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Trends in Occupational Licensing and Best Practices for Smart Labor Market Regulation

A report from the Department of Treasury, Council of Economic Advisers, and the Department of Labor explores the rise in occupational licensing and its important consequences for our economy.

“Occupational licensing” may sound like a dry subject, but its rise has been one of the more important economic trends of the past few decades. Today, one-quarter of U.S. workers must have a State license to do their jobs, a five-fold increase since the 1950s. Including Federal and local licenses, an even higher share of the workforce now has a license. Smart regulation of workers can benefit consumers through higher-quality services and improved health and safety standards. Yet too often, policymakers do not carefully weigh the costs and benefits when licensing a particular profession, resulting in a patchwork of different licensing decisions and requirements. Estimates suggest that while 1,100 professions are regulated in at least one State, fewer than 60 are regulated in all 50 States. A report from the Department of Treasury, Council of Economic Advisers, and the Department of Labor released today explores the rise in occupational licensing and its important consequences for our economy.

By making it harder to enter a profession, licensing can reduce employment opportunities, lower wages for excluded workers, and increase costs for consumers.

Licensing an occupation means that work in that occupation is only available to those with the time and means to fulfill licensing requirements. One study found that for a sample of low and middle-wage jobs, the average license requires around nine months of education and training and $209 in fees. These requirements can be worth it if they provide real protections for consumers and workers, but because it limits which workers can enter a field, licensing necessarily excludes people who would work in an occupation if the barriers were lower. Fewer workers means higher wages for those who secure a license, but lower wages for excluded workers and higher prices for consumers. Research finds that more restrictive licensing raises prices for goods and services provided by licensed professionals by between 3 and 16 percent. The benefits of licensing therefore need to be balanced against these costs.

Licensing requirements vary substantially by State, creating barriers to workers moving across State lines and inefficiencies for businesses and the economy as a whole.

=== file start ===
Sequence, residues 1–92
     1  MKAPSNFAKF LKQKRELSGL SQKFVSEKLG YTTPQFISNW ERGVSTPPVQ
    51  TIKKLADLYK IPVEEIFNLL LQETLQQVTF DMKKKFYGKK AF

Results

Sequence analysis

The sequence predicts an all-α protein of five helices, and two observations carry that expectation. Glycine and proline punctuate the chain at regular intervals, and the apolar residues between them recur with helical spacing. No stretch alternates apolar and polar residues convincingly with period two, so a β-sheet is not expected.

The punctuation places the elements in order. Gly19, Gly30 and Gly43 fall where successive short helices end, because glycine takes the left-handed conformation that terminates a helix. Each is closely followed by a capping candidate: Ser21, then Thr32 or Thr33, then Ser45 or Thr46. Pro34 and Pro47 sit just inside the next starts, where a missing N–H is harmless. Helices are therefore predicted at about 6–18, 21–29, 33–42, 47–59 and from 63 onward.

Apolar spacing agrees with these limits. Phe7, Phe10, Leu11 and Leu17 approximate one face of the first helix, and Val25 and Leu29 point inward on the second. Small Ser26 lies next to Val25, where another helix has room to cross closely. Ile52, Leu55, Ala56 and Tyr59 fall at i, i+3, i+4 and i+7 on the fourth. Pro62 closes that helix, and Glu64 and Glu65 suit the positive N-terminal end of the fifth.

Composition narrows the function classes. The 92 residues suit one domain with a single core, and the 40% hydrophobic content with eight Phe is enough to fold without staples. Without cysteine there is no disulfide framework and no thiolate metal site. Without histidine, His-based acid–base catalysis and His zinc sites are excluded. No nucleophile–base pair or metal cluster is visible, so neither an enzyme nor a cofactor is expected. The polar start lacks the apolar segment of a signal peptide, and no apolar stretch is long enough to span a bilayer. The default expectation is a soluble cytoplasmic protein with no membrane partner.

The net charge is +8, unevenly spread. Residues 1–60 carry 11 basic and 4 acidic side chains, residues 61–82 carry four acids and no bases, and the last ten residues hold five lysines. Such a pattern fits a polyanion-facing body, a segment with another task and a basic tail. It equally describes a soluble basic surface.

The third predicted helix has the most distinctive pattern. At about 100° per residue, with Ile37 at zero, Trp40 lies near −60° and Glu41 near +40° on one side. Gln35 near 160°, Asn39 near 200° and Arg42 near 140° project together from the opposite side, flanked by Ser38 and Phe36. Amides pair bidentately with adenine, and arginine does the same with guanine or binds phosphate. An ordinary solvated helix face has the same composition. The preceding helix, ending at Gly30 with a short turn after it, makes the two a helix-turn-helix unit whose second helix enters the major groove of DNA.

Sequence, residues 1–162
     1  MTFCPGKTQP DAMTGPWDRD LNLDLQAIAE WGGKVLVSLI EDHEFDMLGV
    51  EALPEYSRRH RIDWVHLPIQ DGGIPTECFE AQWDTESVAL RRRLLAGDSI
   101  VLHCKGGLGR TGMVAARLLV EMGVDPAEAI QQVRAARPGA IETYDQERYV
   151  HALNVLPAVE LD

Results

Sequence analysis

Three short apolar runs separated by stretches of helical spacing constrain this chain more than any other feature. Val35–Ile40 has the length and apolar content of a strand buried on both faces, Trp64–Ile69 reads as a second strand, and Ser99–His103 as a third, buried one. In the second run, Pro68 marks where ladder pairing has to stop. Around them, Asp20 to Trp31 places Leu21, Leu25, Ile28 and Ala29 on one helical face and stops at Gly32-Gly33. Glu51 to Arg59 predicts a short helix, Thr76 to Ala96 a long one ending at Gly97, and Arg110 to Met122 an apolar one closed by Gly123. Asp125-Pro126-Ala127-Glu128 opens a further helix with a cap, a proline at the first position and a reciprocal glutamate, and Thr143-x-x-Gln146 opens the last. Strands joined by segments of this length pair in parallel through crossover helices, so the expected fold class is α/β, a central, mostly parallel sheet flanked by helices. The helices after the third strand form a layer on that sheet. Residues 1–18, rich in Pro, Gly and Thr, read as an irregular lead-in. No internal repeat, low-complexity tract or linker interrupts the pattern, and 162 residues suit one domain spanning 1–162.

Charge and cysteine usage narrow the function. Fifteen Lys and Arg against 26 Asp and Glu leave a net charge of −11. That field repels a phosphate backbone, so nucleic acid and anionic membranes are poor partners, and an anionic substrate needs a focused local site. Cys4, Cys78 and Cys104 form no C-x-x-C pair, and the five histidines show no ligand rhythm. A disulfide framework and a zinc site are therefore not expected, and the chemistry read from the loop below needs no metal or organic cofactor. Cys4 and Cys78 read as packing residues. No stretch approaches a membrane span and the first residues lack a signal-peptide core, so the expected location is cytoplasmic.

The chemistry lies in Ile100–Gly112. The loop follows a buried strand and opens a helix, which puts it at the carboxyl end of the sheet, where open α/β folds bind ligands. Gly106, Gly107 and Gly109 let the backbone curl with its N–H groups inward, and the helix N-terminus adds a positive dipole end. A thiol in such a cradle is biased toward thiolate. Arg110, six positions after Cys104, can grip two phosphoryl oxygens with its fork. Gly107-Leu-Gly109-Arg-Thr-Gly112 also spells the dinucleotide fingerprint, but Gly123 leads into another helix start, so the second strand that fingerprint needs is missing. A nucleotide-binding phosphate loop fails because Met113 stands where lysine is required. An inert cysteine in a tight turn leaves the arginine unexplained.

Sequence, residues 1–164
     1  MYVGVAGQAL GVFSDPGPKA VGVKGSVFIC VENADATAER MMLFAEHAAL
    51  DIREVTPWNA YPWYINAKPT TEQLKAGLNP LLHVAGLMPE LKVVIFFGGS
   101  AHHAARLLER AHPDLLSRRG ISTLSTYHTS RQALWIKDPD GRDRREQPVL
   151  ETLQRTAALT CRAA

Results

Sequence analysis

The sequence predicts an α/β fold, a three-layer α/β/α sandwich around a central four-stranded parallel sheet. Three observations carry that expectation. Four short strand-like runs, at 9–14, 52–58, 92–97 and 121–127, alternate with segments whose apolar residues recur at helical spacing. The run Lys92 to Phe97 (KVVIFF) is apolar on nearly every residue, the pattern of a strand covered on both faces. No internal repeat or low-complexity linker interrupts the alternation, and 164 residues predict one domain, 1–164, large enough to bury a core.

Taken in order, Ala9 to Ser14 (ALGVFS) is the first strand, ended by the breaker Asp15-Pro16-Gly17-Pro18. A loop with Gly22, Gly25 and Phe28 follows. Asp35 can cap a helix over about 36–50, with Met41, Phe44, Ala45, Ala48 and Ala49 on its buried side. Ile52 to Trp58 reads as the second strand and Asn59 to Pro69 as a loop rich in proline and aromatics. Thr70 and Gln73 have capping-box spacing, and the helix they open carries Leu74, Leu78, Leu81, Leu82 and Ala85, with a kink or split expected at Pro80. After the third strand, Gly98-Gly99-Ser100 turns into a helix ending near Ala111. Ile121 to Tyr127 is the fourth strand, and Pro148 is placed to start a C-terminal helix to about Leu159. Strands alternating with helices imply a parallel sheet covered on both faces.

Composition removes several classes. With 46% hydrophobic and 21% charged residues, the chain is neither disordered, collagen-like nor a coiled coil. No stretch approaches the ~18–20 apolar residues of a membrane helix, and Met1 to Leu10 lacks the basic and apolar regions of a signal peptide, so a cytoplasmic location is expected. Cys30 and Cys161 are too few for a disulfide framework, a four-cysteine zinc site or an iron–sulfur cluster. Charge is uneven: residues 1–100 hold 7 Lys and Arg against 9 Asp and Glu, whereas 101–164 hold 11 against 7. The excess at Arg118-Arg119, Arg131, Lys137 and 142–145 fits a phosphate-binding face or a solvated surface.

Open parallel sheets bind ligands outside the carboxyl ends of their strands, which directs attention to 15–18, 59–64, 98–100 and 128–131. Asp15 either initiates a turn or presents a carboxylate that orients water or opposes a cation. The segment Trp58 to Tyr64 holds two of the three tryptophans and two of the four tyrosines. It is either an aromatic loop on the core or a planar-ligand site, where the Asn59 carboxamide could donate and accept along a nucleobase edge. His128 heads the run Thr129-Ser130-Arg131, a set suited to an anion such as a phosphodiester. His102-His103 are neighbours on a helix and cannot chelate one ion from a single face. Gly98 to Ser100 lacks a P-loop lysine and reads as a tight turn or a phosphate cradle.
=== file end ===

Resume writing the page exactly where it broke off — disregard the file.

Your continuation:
Since most licenses are governed at the State level, and since State requirements vary widely, workers often have to apply for a new license when they move. For example, Michigan requires three years of education and training to become a licensed security guard, while most other States require only 11 days or less. The process of sorting out requirements across States and applying for the appropriate license can be lengthy, involving anything from filling out paperwork, paying fees and passing examinations, to going back to school to fulfill new educational and training requirements.

Our licensing system places especially heavy burdens on certain populations like military spouses who frequently move across State lines, veterans whose occupational training inside the military is not aligned with State licensing requirements, immigrants who arrive in the United States having already acquired substantial training or education abroad, and the millions of Americans who have a criminal record. In many States, any kind of criminal record can disqualify applicants from a license, regardless of how much time has passed, whether the applicant was convicted, or whether the crime is related to the specific license.

Best practices in licensing can allow States to safeguard consumers while maintaining a modernized regulatory system that meets the needs of workers and businesses.

White House staff have engaged with State regulators, State legislators, professional organizations, academic experts, and advocates on this issue over the past year. Many good ideas for reform are out there, including using State certification as an alternative to licensing, empowering independent agencies to conduct cost-benefit analyses of licensing policies, and making sure that licensing requirements are closely aligned with public health and safety goals.

While many questions around licensing are best answered by the States, we want to do our part at the Federal level to support sensible licensing policies. The report released today by the White House includes a number of best practices for policymakers seeking to improve their licensing policies. The Administration and the Department of Defense are also working with States to ensure that veterans can translate the skills they learned in the military to civilian employment, and that service-connected spouses working in licensed occupations can take their skills across State lines. This year, the President proposed $15 million in grants to fund States seeking to take a hard look at this issue, and Congress can build on this momentum by funding innovative thinking in this area. Working together, we can build a more thoughtful approach to licensing that maximizes its benefits, while reducing burdens on workers and consumers.   

Jeff Zients is the Director of the National Economic Council and Assistant to the President for Economic Policy. Betsey Stevenson is a Member of the Council of Economic Advisers.